Reading Luxury & 

the concept of choice

 Published march 2018

'Why we need to talk about race' states the cover of British Vogue’s latest February issue. An issue that is, when clearly examined, full with similar alluring statements and so called ‘clickbait’ terms. In the online world this term is used when a title sounds exciting, enticing or hype worthy. The tendency to use active verbs that allude to socially relevant and urgent topics is massive, yet when flipping through the pages of this fashion magazine and searching for the actual content on these topics, the reader is left undone. The articles that seem to be about these urgent themes are overshadowed by advertising and shopping pages that content-wise are nowhere near as relevant as the bumpers on the cover suggest. Besides these mixed up pages, it is also within the articles that ‘educational’ information gets mixed up with subliminal advertising, causing confusion about the readers’ position and the framework wherein the readers find themselves. For example: the beauty page titled better together acts as if it’s an informative excerpt about the need for a genderless future, but it is actually just a page full of products that are dubbed ‘unisex’ in order to fall into an on-trend shopping category. This, amongst many other texts, is a self-acclaimed ‘informative article’ placed within a magazine that is actually driven by the promotion of products and services that the reader is able (and maybe even guided) to consume.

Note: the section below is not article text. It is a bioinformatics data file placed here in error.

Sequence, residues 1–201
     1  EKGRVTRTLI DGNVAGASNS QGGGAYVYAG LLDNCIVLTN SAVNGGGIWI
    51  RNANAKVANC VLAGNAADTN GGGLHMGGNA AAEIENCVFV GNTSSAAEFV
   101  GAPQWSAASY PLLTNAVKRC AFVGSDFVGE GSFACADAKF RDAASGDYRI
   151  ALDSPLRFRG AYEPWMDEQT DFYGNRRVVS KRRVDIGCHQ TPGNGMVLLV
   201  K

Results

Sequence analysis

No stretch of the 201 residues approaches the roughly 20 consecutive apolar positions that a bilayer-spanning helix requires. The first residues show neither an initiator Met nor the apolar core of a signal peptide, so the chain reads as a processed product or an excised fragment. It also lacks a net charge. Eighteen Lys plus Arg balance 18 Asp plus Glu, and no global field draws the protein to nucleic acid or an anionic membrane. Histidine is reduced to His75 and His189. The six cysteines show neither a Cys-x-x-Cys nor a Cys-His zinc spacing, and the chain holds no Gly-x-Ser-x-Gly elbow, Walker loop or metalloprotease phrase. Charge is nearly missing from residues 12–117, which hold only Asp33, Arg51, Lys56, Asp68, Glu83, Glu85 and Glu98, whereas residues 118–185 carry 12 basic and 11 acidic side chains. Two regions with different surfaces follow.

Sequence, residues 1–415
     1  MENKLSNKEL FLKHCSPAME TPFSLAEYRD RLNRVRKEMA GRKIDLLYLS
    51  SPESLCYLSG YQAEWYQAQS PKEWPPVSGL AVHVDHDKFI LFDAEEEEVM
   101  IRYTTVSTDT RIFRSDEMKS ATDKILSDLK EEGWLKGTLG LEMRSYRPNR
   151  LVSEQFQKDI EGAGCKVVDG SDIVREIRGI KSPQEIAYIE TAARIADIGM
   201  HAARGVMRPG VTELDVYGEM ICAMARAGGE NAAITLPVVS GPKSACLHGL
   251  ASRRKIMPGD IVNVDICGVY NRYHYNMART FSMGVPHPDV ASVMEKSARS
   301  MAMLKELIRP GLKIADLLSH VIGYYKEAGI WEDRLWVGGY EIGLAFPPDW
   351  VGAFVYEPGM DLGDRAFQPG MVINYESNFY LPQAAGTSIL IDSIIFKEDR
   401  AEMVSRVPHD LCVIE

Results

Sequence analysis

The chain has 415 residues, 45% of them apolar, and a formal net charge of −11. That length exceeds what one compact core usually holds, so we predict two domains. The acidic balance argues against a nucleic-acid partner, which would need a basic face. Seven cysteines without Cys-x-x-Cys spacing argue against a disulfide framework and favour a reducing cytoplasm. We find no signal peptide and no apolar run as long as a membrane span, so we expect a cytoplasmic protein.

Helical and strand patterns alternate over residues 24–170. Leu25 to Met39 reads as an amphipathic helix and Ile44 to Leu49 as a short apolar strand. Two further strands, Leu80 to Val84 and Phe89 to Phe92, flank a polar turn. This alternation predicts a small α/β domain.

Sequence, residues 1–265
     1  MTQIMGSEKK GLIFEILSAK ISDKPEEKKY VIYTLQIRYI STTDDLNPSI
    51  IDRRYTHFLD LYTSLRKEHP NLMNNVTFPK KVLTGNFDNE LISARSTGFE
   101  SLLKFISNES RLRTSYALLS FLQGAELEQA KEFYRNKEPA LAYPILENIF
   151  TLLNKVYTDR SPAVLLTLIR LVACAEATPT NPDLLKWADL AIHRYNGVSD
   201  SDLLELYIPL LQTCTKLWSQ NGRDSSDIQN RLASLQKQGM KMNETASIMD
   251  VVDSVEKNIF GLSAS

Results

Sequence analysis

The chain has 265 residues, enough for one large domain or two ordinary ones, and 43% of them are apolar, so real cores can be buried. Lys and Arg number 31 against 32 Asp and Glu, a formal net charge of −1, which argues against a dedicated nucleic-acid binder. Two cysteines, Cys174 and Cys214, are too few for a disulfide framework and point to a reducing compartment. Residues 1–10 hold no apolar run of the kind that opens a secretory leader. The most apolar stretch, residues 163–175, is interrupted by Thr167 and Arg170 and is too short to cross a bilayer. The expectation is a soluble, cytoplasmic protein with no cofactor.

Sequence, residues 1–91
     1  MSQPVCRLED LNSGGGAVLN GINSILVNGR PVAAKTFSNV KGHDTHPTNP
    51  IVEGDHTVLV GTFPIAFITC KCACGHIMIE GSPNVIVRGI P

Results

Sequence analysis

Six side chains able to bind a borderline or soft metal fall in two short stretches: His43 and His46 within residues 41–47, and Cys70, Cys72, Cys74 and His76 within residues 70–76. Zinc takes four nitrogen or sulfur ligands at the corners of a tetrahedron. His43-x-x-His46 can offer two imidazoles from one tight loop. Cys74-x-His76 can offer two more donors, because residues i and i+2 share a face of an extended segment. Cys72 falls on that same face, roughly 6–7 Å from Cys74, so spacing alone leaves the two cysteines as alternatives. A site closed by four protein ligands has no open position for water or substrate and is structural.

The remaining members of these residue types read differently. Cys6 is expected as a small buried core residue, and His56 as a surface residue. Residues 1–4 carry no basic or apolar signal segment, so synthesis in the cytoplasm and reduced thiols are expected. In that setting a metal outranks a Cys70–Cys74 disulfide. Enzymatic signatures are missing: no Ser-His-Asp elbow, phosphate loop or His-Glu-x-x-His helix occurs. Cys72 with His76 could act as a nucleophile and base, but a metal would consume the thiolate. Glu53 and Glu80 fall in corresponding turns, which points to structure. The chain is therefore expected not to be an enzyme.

Generally, when reading a Vogue it is not clear what the intention of the article is and therefore it is unclear ‘how’ to actually read it. The intention behind the written information is being mystified. Is the reader being motivated and escorted to buy or, as the headline suggest, to keep up with present-day times and issues? Besides the mix-up of blatant and subliminal advertising with ‘genuine’ information on the topic, the magazine actually does contain articles about race and social diversity. But, although the table of content page shows some (not all) of the articles and their page numbers, searching for the actual content still feels like trying to find your way through a maze, ending up somewhere lost between Gucci advertising and the Adwoa Aboa’s online dating tips.